[opensource-dev] Is 'STANDALONE' confusing?
aleric.inglewood at gmail.com
Mon Feb 21 12:48:03 PST 2011
<paragraph to show its not that simple>
Regarding libraries and the second life viewer we have the following issues:
The version of a library (source code + headers) at the moment it is compiled
into a binary. In all cases we should only use THOSE headers whenever
we compile anything that will link with that binary. This is not always the
case, but that is a bug then, so lets leave that out of our consideration.
Hence, for this analysis we condense the header and library versions
into one: the version of the library (and it's headers) that is being compiled,
and are being used when compiling. This version is not necessarily the
same as the runtime version of a library (where headers do not come
into play at all).
Furthermore we may assume that internally Linden Lab uses the same
versions (that is, they compile a viewer and possibly other libraries,
against the same version as that they ship as prebuilt with that viewer).
However, there is an interdependency between libraries: some libraries
are compiled against other libraries (and both need to be shipped).
Again theoretically it would be possible that a TPV releases prebuilt
libraries for some libraries but not for all: using the LL prebuilt for some.
Also here I will assume that if a TPV replaces some libraries, then they
will at least replace also all libraries that depend on that library or use
that library, so that we can ignore library interdependencies mostly.
Mostly, because we cannot ignore those dependencies for libraries
that are never shipped as prebuilt: it is possible that LL compiles it's
prebuilt libs against libc 2.9, some TPV compiles some prebuilts against
libc 2.10 and the user that compiles her own compiler uses libc 2.11.
Theoretically this can lead to problems, but that is unlikely when it
concerns C libraries. Thus, as long as every C++ library is a prebuilt
then we can probably ignore this anyway. Plus we probably should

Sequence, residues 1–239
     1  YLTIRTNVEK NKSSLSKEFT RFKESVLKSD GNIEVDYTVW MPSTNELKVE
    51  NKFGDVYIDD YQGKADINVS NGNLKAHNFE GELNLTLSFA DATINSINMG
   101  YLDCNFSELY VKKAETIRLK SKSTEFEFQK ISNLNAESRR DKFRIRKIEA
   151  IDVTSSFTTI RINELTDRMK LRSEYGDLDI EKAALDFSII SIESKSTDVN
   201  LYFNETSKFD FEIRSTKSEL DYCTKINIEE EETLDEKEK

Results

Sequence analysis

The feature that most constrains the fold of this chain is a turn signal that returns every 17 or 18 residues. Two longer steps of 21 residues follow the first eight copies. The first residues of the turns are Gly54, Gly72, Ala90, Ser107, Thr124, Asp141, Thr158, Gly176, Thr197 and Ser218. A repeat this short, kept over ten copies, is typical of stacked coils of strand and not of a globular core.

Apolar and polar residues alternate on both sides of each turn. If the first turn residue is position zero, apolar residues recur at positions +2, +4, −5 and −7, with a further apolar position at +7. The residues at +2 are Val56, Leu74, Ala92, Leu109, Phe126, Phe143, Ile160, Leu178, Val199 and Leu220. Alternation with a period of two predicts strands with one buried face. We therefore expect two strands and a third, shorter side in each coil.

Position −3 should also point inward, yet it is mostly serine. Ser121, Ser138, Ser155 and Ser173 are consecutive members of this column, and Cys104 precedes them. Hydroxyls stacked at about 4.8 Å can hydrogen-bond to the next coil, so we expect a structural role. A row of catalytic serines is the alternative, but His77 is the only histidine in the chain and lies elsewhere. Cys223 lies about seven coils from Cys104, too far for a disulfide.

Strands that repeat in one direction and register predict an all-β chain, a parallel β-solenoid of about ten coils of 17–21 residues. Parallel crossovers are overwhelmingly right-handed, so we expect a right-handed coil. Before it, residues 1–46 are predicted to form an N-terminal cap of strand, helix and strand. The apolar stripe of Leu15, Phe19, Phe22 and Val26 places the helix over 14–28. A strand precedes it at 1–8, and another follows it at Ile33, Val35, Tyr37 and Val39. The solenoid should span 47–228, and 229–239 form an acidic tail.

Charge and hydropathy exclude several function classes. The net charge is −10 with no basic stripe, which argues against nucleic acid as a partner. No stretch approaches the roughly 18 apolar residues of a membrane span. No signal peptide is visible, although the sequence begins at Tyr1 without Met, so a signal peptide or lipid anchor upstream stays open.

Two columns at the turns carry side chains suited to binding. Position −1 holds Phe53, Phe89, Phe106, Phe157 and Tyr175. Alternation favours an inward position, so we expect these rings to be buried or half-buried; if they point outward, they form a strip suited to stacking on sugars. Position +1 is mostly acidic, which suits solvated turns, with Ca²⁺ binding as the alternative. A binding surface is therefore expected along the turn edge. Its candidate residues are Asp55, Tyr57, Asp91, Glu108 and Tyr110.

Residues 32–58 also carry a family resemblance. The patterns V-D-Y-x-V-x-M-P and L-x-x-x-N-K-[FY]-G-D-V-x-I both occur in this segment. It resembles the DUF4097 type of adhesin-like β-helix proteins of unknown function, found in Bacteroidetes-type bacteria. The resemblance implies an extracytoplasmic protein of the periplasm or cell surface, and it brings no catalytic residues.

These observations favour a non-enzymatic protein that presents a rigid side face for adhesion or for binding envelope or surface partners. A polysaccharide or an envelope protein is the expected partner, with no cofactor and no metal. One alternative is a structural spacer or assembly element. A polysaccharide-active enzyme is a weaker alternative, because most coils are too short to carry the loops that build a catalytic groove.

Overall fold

ignore the existance of TPV's anyway here :p
Having simplified things thus, we end up with:
LL prebuilt version (assumed to be shipped WITH headers)
System library version (with headers in it's -dev package), or
User compiled version (libraries not provided by the standard
If we built 'standalone' then it's simple: we compile everything
using the same version of any particular library (all libraries are
compiled against eachother: the same version was used even
when compiling the system libs (and should have been used
while compiling the user compiled libraries). Also here an
exception: if you do not compile your own libraries, but use
for example Michelle's debian repository for those libraries
that are not distributed with the stock debian, then those libraries
might be compiled against different versions. We also ignore
this since we trust that Michelle makes sure can ignore that.
If we DO use the prebuilt libraries it is possible that we
compile against headers that are newer than what LL used,
and link with same, newer versions, at runtime. This usually
shouldn't be a problem, and when it is it should be detected
by one of the developers and fixed in the viewer code
(ie, developers using a newer version of boost asked
for viewer code fixes that are backwards compatible and
cause things to work in such a case).
</paragraph to show its not that simple>
Now to answer your question: the above is complex, even
with a lot of simplification and ignoring stuff. Calling everything
that is not a "Linden Lab prebuilt" a "system library" doesn't cut
it. The only really clear constant in all of the above is what
"prebuilt" means, especially "Linden Lab prebuilt". Therefore
I think it's better to use PREBUILT as keyword than
On Mon, Feb 21, 2011 at 4:46 PM, Boroondas Gupte
<sllists at boroon.dasgupta.ch> wrote:
> On 02/21/2011 04:41 PM, Aleric Inglewood wrote:
>> A LOT worse, but still better than 'standalone' would be USE_SYSTEM_LIBS.
> Why would you consider USE_SYSTEM_LIBS worse than other suggestions?
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